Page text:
Dereham your local town


Dereham, a stone's throw off the A47 trunk road is a gateway to all Norfolk has to offer -- open countryside, beckoning pubs, friendly accommodation. There are stately homes, theatres, wildlife parks, the Broads and along the coast are wide beaches and charming harbours as well as the organised entertainment of the larger resorts.

There is something for everyone, all within an hour's journey along quiet roads through fields and woodland. At the same time Dereham has its own attractions with its modern and expanding shopping centre and with a magnificent pool and leisure complex.

These modern developments sit comfortably alongside a heritage dating back to the Seventh Century when Withburga, daughter of a Saxon king, established a religious community in the deer park which gave the town its name. Apart from the Withburga well all trace of her has long vanished. Vikings sacked her buildings and fires in the Middle Ages destroyed what little remained. Instead Georgian buildings now greet visitors to the Market Place and behind their facades lie shops which retain much of the charm of years gone by.

Free parking allows time to seek out restaurants and tearooms and visit hostelries where the poet William Cowper or the author George Borrow may have downed a glass or two. There's tennis, golf, and bowls and nature lovers can stroll the Neatherd Moor and the Vicarage Meadow or relax in the walled Queen Mother's Garden. Nearby is the picturesque Bishop Bonner's Cottage, the town museum. There is a welcome, too, in the 13th Century St Nicholas Church where volunteers may tell the story of the French prisoner who was shot when he escaped from custody in the Bell Tower during the Napoleonic War.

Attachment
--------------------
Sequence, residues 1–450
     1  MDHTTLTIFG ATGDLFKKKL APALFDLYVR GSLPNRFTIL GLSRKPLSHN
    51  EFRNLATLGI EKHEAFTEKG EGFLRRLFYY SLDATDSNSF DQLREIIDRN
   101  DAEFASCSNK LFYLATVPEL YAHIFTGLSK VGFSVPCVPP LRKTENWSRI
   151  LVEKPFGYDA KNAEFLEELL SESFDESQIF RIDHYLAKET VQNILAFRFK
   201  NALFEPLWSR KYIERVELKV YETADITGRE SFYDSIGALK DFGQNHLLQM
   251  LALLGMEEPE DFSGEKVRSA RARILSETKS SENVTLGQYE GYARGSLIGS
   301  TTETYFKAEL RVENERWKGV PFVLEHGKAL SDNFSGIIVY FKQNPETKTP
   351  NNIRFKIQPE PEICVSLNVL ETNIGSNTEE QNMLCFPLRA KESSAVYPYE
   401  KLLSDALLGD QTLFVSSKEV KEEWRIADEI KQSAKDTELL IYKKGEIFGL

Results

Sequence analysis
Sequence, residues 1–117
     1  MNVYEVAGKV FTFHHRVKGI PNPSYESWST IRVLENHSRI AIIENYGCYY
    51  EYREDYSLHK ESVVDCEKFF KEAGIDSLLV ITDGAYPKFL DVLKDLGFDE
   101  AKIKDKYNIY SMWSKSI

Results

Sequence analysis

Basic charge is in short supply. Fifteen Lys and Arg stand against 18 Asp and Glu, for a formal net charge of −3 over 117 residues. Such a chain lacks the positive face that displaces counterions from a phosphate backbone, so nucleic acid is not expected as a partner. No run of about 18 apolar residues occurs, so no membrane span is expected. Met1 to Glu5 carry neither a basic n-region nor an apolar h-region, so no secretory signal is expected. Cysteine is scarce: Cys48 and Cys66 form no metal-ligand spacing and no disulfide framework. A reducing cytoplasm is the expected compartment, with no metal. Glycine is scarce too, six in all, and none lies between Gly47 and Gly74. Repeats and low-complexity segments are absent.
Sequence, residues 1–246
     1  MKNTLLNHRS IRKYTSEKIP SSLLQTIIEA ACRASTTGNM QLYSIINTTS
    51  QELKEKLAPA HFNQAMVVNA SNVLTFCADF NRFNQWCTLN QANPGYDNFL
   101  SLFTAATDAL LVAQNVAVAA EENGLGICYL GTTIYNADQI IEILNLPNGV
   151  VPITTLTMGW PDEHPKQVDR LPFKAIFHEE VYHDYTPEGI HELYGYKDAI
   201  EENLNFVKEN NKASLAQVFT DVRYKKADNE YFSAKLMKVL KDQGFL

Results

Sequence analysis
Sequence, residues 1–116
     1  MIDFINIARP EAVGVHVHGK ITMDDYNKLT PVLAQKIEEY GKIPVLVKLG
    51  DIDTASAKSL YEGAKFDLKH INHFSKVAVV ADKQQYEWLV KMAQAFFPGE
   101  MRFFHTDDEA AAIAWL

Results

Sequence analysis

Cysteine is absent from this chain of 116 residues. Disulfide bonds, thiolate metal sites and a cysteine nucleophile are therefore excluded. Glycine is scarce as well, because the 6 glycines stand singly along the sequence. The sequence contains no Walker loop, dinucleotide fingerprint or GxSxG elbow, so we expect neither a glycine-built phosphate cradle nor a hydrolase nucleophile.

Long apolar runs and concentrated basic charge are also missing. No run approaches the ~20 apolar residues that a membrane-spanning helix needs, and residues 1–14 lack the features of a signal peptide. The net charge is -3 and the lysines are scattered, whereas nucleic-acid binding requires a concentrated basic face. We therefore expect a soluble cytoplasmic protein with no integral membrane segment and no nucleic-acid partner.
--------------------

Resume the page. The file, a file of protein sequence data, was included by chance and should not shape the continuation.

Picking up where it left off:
William Hyde Wollaston FRS (1766 – 1828) was an English chemist and physicist who was born in Derehambonner





At the town's restored railway station other volunteers operate excursions to nearby Wymondham with its timeless Abbey. Dereham Windmill is well worth a visit,it is set in extensive ground with a newly built coffee shop. There are many places to walk in Dereham including parks and public gardens. there are many public paths and tracks which can be explored.

The memorial Hall regularly hosts shows and concerts Built in 1818, the now Grade II listed Norwich Street building first housed a coachworks. It was said to have had a high reputation, making carriages for the nobility and even some foreign royalty.

Another 'must' for visitors is the Rural Life Museum at Gressenhall where visitors can step back into the shops and cottages our forebears knew. Only a little further away are the ruins of the Saxon Cathedral at North Elmham; the wildlife and dinosaur parks; Pensthorpe birdlovers' paradise; fishing lakes and Thetford Forest Park where families are assured of fun and adventure.

 The modern library at the end of the High Street has a wealth of information about the local area and current events.


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